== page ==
“In 2001, the Foundation Board of the American Society of Pharmacognosy began a new initiative as a result of the Arthur E. Schwarting and Jack L. Beal Awards for best papers in the Journal of Natural Products. In this manner, two former distinguished editors of the journal are fondly remembered. The Schwarting Award is open to all papers published in the journal within a given year (either in print or electronically). In turn, the Beal Award is awarded to younger investigators [i.e., persons within 12 years of receiving their Ph.D. degree or within 10 years of gaining their first professional appointment (e.g., Assistant Professor or equivalent position in industry or government)]. A two-tier process was used to determine the winners for papers published in J. Nat. Prod. every year. The journal editors nominate eight papers for the Schwarting Award and four paper for the Beal Award, and the ASP President appointed an ad hoc committee to make the final selections (http://www.pharmacognosy.us/grants-and-awards/grants-and-awards-archive/schwarting-beal-awards/).”
I am profoundly humbled, honored, and thrilled that our manuscript was chosen from among many deserving submissions to receive the prestigious Jack L. Beal Award. I thank the Journal of Natural Products Editorial Staff and the ASP ad hoc committee members for their distinguished service and for recognizing our work. Without substantial contributions from undergraduate student co-authors Stephanie J. Conn, Shannon M. Huffman (Vreeland), and Alexandra N. Wexler, the first total synthesis of the Factor XIa inhibitor clavatadine A would not have been possible. Our efforts engendered a synthesis that is simple, robust, and, most importantly, repeatable. Such recognition of our work is encouragement that my students and I may have something worthwhile to contribute to science and to human health.
We are working to extend this approach to prepare a reversible Factor XIa inhibitor, and are especially intrigued by the potential that clavatadine A derivatives might have to treat coagulation disorders. This proposed work will build upon our successful route to clavatadine A and aminoguanidine-containing natural products, and will be the subject of a forthcoming CAREER proposal to the National Science Foundation. I especially want to thank our Australian collaborators, most notably Distinguished Professor Dr. Ron Quinn and Dr. Rebecca H. Pouwer, for providing the biological assay data that helped to confirm the structure of our synthetic clavatadine A and to authenticate its inhibitory activity.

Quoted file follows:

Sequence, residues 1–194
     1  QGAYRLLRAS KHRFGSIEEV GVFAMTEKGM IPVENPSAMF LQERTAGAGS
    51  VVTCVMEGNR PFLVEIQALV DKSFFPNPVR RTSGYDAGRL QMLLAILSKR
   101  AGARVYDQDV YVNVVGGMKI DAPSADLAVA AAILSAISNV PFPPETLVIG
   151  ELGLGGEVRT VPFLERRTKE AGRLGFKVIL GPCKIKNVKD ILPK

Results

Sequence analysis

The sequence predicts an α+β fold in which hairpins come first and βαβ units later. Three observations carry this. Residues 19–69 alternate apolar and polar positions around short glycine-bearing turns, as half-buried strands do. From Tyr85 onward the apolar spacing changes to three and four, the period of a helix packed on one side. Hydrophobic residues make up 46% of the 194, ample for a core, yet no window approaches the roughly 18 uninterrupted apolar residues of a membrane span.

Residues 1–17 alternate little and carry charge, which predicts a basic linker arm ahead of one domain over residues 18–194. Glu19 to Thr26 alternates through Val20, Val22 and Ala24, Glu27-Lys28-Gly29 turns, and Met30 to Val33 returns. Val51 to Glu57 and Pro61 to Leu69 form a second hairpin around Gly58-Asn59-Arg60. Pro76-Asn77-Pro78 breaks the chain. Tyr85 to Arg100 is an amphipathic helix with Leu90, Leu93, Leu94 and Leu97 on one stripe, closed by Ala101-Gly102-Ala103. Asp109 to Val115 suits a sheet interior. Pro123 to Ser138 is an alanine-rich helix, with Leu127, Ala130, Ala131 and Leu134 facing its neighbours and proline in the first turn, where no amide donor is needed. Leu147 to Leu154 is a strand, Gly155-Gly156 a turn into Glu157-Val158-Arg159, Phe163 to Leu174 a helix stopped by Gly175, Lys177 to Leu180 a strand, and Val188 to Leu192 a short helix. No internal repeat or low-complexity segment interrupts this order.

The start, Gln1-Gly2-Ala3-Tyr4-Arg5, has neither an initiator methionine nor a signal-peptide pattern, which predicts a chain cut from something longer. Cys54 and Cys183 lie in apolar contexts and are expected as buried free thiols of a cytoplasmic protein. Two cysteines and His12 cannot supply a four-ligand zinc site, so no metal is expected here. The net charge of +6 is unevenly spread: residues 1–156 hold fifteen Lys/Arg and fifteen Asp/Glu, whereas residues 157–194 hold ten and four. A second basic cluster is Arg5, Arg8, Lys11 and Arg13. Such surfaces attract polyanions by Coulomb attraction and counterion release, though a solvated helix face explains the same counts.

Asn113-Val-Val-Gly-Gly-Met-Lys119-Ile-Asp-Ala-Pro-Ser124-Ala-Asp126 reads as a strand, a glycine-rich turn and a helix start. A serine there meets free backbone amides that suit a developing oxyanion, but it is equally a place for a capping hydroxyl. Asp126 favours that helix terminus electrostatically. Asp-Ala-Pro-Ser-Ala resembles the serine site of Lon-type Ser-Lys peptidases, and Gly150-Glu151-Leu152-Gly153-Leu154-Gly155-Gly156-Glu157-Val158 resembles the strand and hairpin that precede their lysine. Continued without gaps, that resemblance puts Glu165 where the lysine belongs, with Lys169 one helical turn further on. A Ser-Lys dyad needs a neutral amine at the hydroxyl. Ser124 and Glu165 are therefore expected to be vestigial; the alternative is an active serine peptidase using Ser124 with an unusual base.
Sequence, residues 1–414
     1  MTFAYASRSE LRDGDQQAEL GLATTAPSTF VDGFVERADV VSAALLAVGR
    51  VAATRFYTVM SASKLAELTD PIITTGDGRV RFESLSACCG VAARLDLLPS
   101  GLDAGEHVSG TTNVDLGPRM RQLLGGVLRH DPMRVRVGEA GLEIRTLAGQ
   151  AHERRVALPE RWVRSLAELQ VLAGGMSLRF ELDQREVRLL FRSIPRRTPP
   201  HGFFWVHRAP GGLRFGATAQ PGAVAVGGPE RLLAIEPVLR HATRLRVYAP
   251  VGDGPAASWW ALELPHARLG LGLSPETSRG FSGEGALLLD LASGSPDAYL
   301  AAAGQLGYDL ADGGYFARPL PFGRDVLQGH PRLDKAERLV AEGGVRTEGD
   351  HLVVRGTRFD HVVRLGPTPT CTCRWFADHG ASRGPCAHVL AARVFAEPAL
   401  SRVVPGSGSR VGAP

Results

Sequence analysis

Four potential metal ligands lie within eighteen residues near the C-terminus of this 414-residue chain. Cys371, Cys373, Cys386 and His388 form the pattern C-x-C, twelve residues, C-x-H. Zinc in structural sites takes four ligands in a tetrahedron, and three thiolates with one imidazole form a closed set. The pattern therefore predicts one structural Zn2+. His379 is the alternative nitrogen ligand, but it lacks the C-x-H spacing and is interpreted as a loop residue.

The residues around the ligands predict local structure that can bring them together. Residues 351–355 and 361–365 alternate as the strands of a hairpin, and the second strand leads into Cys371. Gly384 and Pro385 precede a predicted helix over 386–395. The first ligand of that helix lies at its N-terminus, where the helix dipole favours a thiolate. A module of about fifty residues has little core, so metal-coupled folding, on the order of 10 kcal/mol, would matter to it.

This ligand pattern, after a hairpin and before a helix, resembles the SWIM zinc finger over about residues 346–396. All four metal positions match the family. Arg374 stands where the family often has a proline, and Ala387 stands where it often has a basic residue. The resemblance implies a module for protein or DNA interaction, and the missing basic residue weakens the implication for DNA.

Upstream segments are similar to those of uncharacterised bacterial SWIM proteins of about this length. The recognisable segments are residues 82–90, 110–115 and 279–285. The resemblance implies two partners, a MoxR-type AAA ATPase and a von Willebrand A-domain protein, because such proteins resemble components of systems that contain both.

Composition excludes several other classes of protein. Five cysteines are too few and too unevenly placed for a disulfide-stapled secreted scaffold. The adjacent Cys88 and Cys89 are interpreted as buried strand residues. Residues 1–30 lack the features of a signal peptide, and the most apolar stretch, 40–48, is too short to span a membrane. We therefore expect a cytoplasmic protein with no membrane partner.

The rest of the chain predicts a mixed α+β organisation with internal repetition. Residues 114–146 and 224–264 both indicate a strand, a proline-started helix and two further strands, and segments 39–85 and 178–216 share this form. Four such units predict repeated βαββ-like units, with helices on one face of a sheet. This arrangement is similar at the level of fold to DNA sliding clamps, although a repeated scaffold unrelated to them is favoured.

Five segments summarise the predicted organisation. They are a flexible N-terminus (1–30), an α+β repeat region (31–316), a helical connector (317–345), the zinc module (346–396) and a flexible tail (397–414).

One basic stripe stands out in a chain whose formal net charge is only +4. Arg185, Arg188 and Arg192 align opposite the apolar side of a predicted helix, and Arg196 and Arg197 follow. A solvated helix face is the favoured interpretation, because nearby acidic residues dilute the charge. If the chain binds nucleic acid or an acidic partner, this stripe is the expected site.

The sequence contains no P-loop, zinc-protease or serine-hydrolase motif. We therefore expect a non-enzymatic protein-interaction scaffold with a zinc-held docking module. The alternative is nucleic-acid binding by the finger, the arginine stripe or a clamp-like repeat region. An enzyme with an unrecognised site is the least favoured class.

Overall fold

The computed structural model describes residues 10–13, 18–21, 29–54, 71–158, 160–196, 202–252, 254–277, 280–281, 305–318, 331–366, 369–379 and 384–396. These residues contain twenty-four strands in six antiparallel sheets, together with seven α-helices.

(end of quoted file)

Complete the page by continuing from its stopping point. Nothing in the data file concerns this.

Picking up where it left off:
Steve Chamberland recently received an invitation to speak at the Small Splash, Big Waves symposium at the Fall 2015 national meeting of the American Chemical Society. This symposium, offered by the American Chemical Society Division of Organic Chemistry, is designed to highlight the research successes that can be achieved at primarily undergraduate institutions. This is the first invited seminar at the national level for Dr. Chamberland. He will speak at the fall ACS meeting in Boston, MA about the group’s research over the last few years and what’s coming on the horizon. Congratulations to the current and former group members whose achievements made this opportunity possible, and to Central Washington University for providing a platform for launching our successful research program.
Chris Malmberg’s abstract entitled “Total synthesis of clavatadine A analogues to produce a viable reversible inhibitor of factor XIa” was accepted by the American Chemical Society Division of Medicinal Chemistry. Chris will present his poster at the Spring 2015 national meeting of the ACS in Denver this March. Congratulations Chris! If you go to the meeting, please visit his poster on Sunday evening, March 22, 2015.
Since 2010, our group has been working hard to complete the first total synthesis of clavatadine A, a chemical that is a natural blood coagulation inhibitor. Our group completed the total synthesis in November 2013, and then quickly wrote and submitted the paper for publication in December of that year. Reviewers universally recommended acceptance of the manuscript once key enzyme inhibition data was gathered on our synthesized compound. Without the ability to do this work at CWU, I reached out to Dr. Ronald J. Quinn of the Eskitis Institute of Griffith University in Brisbane, Australia. Dr. Quinn first isolated clavatadine A from the ocean sponge Suberea clavata in 2008. We collaborated with Dr. Quinn and a postdoctoral researcher in his group, Dr. Rebecca N. Pouwer. In October 2014, the enzyme inhibition data from Dr. Quinn and Dr. Pouwer revealed that the synthetic compound bound to the target coagulation factor with almost exactly the same affinity as the natural compound, which paved the way for the paper to be published, finally. After almost a year of waiting since we submitted the paper, it appeared online today on the Journal of Natural Products website (see our Publications section). For a small research group at a regional teaching college, this is a big accomplishment. I thank my former research students and co-authors Stephanie Conn, Shannon Huffman (nee Vreeland), and Alexandra Wexler, without whom this work would not have been possible. Working with dedicated and talented students and scientists like Stephanie, Shannon, and Alex makes my job worthwhile. I also thank Dr. Quinn and Dr. Pouwer. We’ve never met, but I hope to make your acquaintance on my next trip to Australia. Cheers! -SC
This website will always be a work in progress, but its mission is to publicize the great work and achievements of our talented group members.
Our research is guided by our Mission Statement
The Chamberland Group seeks to develop quality scientists. We race to be the first to synthesize new, biologically active molecules. Procedures we develop and modify will be robust, repeatable, and well documented. Victory is achieved by initiative, creativity, attention to detail, and most of all, hard work. It pays to be a winner.